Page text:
By Christian Viveros-Fauné
By Miriam Felton-Dansky
By Tom Sellar
By Tom Sellar
By Jessica Dawson
By Tom Sellar
By R. C. Baker
By Tom Sellar
None of those producerial desires is good or bad in itself; all of them are good if the people creating them believe they add something to the life of the city and the life of the theater. But on today's account-conscious Broadway, that belief has been replaced by a faith in marketing calculations. It's no longer "Do we love this play?" or "Does New York really need to see this play for the fourth time in 10 years?" but "Does so-and-so the movie star, who will sell x weeks' worth of tickets, want to do this play for x weeks?"
This causes a kind of theater that those who love the theater for its own sake find very hard to care about. Not that we object to see so-and-so confronting the challenges of theater instead of film, nor mind revisiting a great play (though maybe four times in a decade is one too many, with the world full of unperformed great plays). Gauging by the message-board chat about discount codes and TDF seat locations, some have learned to cope with Broadway's insanely inflated ticket prices, as New Yorkers over the decades have learned to cope with every urban craziness.
But to say we don't mind, or have learned to cope, is not to say we care. Theater we care about can still occasionally be found on Broadway, but for the past few decades, increasingly, New Yorkers have needed to look elsewhere, meaning Off- and Off-Off Broadway.
This situation ought to empower Off-Broadway more than it does. The nonprofit institutions that dominate our smaller-scale scene now constitute our theatrical mainstream. Yet with all sympathy for what they're up against financially—the economy that bloats Broadway costs and prices hasn't made institutional fundraising any easier either—they do what can only be described as a cautious, honorable job. Risk plays a severely limited role in their season selections; qualities like ambition, scope, and daring emanate chiefly from second-tier theaters and those slightly off the beaten track. Happy as I am when a treat like Once migrates north to the big-money realm, far too much of what I see Off- and Off-Off Broadway seems to have been put up with one eye angled toward that possible move—not, again, out of the producing theater's passion for the show, but in the hope that it will rake in the shekels to keep their institution going. And while nobody rejoices more than I do at the skill and versatility that our actors constantly reveal, the major nonprofits have started to evolve a pool of reliables who get reused so often that the scene starts to resemble a repertory company—only without the challenge and excitement of repertory.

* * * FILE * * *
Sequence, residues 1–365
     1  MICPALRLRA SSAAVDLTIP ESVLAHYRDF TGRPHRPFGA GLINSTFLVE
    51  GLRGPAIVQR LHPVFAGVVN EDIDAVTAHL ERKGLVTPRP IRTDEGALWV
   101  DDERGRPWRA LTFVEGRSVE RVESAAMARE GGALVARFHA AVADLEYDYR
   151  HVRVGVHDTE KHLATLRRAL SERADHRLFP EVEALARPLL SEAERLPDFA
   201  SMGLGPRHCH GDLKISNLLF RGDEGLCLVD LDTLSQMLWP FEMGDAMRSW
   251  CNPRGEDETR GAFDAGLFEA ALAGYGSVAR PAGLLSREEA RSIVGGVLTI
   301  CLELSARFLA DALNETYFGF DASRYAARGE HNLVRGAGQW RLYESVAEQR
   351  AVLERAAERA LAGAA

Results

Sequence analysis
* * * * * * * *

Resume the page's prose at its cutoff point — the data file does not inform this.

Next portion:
The caution that mills down Off-Broadway's artistic choices isn't an isolated trait. It belongs to the larger miasma, fiscal and political, in which we're all caught. In some respects, this year's most theatrical phenomenon was the advent of Occupy Wall Street, proving that New York, like other urban areas, holds a very large mass of people dissatisfied with the way things are, and ready to demonstrate their dissatisfaction publicly. The theater has a lot worth communicating to them; finding ways to do so could recharge the theater's sapped energy with the fervor of that mass dissatisfaction. "The theater can never tell people what to think," said the British playwright John Arden, who died this year, "but it can confirm what they are beginning to feel."
Is Off-Broadway too small, or too tied in to the 1 Percent, to address that audience? I don't know. But apart from Signature Theatre, which has a seemingly magical gift for parlaying the support of the monied into broader access for the rest of us, the signs of hope I see—signs of a higher reach and a braver eagerness—lie mostly in young artists and young groups, all over the city. This year I found myself, quite accidentally, involved with one such group: A batch of crazy but highly literate young people called Marvell Rep decided to put on my translation of The Threepenny Opera, in repertory with Schnitzler's gigantic, virtually unknown Professor Bernhardi. Cramming large casts into a tiny theater, both productions had an edgy, scruffy excitement that brought these big plays home to the audience. Marvell has similarly big plans for the fall.
They are not alone: I know because my inbox is crammed with invitations from theaters doing what I used to think of as "marginal" work—repertories of new work by unknown writers, documentaries, group-created events, reinvestigations of classic works familiar and unfamiliar. One such group has taken on the mission of reviving every play the Group Theatre produced. Another has a passion for dystopian science-fiction serials. A third strives to present plays about working life that appeal to workers. Are these marginal? Or am I, by having continued to pay credence to Broadway after it had outlived its meaning, the one who marginalized himself? I think I will do less of that in the future. Sitting through that painful week on Broadway, I did not want to be home in bed with a book; I wanted to be cramped in a stuffy little theater, seeing Professor Bernhardi again. How many more such experiences are waiting for me? The torment that severed me from Broadway has, paradoxically, made me love the theater again.